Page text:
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As a result of these practices, asthma disparities have been amplified due to the concentration of poverty, heightened exposure to environmental hazards, and inadequate housing quality in these communities.
Current research demonstrated the neighborhood conditions experienced by Black and Indigenous communities in the US are a result of historical policies rooted in structural racism and oppression.
Neeta Thakur, MD, MPH, and Adali Martinez, MD, MPH, from the Division of Pulmonary and Critical Care Medicine, Department of Medicine, University of California, wrote an editorial reflecting on the investigation led by Craig Evan Pollack, MD, MPH, Department of Health Policy and Management, Johns Hopkins Bloomberg School of Public Health.
Despite a growing body of evidence linking asthma disparities to structural racism, a recent editorial highlights the limited number of studies explicitly naming or intervening in this root cause to improve asthma outcomes. Thakur et al. emphasize the crucial importance of identifying and addressing racism and its associated policies and practices as the underlying factors contributing to these disparities.
However, there has been limited guidance on how to target meaningful interventions and develop or evaluate them effectively. When considering structural racism interventions, investigators stressed the specificity in identifying the most impactful changes.
These policies have shaped physical and social environments, leading to negative health outcomes, including a higher prevalence of asthma in these communities. One example of discriminatory practice is residential redlining, which marked predominantly Black neighborhoods as hazardous investment areas.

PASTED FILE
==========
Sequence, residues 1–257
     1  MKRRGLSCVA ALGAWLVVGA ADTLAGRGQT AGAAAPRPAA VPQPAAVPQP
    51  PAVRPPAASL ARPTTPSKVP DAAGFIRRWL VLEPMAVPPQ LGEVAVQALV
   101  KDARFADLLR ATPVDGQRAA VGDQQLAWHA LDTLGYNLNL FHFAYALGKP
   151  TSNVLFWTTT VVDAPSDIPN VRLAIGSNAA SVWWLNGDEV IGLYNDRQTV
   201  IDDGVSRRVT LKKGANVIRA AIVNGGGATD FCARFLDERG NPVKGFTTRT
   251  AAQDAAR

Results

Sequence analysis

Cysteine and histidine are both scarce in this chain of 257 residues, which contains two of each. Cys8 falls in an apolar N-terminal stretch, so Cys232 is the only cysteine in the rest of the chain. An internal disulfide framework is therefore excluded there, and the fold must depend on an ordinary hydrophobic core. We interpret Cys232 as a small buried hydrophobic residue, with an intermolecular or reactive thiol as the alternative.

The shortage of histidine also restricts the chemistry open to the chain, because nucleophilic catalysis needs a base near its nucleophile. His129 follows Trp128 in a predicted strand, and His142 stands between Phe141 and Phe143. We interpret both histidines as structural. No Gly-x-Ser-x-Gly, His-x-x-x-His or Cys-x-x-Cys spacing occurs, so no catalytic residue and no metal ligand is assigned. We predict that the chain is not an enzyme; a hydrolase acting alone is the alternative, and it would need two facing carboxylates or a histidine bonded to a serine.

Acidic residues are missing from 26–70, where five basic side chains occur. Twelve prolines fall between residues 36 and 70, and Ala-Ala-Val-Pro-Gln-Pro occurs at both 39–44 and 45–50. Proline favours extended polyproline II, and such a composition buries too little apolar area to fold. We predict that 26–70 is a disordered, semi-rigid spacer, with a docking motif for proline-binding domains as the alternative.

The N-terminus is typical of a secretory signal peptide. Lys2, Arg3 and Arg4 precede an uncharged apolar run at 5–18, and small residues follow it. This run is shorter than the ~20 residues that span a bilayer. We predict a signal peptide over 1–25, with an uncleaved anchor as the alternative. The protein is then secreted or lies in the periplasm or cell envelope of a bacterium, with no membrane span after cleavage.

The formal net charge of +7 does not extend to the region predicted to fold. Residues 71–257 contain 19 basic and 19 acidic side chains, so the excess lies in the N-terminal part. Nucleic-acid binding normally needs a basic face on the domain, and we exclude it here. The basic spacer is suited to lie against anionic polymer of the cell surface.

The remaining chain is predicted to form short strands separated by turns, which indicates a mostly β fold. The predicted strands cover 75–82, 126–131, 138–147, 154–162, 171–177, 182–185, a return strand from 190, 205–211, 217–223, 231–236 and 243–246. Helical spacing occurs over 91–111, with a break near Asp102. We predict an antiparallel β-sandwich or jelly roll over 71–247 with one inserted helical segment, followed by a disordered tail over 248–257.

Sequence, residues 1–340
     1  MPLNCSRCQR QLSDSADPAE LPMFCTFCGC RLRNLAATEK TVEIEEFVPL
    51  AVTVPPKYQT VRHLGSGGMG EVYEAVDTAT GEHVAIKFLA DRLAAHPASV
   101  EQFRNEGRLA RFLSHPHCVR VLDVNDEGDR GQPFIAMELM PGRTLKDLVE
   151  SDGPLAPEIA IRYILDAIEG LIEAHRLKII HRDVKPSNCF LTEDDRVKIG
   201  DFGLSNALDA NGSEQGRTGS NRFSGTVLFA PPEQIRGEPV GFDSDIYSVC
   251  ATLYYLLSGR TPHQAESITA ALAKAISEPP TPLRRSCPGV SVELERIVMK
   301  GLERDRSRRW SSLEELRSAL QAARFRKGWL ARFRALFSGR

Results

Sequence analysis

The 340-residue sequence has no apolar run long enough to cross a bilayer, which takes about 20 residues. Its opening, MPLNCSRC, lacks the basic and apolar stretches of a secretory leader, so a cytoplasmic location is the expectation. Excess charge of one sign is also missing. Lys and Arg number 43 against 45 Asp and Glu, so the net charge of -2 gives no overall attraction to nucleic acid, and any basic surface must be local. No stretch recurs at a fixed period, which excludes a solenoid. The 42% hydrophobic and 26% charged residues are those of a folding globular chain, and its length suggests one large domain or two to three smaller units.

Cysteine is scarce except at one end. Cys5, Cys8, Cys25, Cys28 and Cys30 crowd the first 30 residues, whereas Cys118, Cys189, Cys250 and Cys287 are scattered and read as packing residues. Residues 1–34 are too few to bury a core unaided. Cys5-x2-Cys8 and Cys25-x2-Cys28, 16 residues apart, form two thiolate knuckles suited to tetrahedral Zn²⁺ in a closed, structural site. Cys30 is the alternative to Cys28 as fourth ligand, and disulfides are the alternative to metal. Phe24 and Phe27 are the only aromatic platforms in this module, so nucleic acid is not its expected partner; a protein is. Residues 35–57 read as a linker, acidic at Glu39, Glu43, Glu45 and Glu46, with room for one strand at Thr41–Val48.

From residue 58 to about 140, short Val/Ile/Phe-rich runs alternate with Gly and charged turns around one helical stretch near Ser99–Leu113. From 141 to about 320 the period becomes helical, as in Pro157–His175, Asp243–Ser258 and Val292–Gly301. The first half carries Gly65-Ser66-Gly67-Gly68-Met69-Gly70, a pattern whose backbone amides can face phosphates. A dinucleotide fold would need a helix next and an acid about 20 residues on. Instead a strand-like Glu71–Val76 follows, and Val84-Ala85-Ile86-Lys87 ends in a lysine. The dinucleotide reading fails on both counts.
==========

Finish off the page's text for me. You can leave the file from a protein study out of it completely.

These practices have intensified asthma disparities by exacerbating the concentration of poverty, heightened exposure to environmental hazards, and substandard housing quality in these communities.
In Pollack et al., investigators examined whether participation in a housing mobility program could lead to reduced asthma morbidity among children living in predominantly Black low-income neighborhoods in Baltimore, Maryland. The study focused on participants enrolled in the Baltimore Regional Housing Program, which aimed to counter discriminatory housing practices by providing residents with housing vouchers to move to more resourced neighborhoods.
The prospective cohort analyzed 123 children with persistent asthma enrolled in the housing program. With the assistance of vouchers, most participants moved to higher-income neighborhoods with fewer Black residents and increased opportunities.
Pre-post analysis revealed a significant 54% reduction in the odds of asthma exacerbation, along with a similar reduction in symptom days. These main findings were further strengthened through a propensity-matched cohort analysis, enhancing the internal validity of the results.
The investigation also assessed several indoor environmental factors as potential mediators of the association between moving and improved asthma outcomes. While indoor particulate matter concentrations did not significantly change, median concentrations of mouse and cockroach allergens decreased after the move.
However, these changes were not found to mediate the observed decrease in exacerbations and symptoms. Psychosocial stress factors such as perceived social cohesion, daytime and nighttime safety, and urban stress were identified as the primary drivers of improved asthma outcomes.
The success and limitations of the Baltimore Regional Housing Program as a structural racism intervention for asthma can be analyzed using 2 conceptual frameworks. The editorial stated Camara Jones' approach to anti-racism emphasized the naming of racism, understanding how it operates, and organizing and strategizing to address it.
Additionally, the Racism as a Root Cause (RRC) framework developed by Malawa et al. provided guidance on intervention design, prioritization of racialized groups, a focus on policy and system changes, institutionalization and sustainability, and redressing historical injustices by reallocating resources, power, and opportunities to marginalized groups.
“Researchers can best work to reduce or eliminate health disparities by taking a step beyond identifying associations between race and health outcomes,” Thakur wrote. “They can move the field forward by acknowledging the pervasiveness of racism in causing adverse health outcomes and addressing the root cause.”